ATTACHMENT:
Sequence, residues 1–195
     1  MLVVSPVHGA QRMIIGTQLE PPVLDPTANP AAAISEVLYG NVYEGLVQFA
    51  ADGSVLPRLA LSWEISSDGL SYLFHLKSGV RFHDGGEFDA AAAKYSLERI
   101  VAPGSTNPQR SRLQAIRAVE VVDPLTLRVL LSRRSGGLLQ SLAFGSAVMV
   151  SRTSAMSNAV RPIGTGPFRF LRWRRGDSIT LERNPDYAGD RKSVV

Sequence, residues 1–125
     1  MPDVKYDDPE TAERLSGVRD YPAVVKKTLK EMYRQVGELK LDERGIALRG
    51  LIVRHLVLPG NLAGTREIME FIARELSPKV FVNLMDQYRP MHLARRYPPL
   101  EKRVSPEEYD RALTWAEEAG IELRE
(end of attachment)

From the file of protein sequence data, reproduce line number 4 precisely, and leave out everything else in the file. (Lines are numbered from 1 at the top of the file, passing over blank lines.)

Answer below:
   101  VAPGSTNPQR SRLQAIRAVE VVDPLTLRVL LSRRSGGLLQ SLAFGSAVMV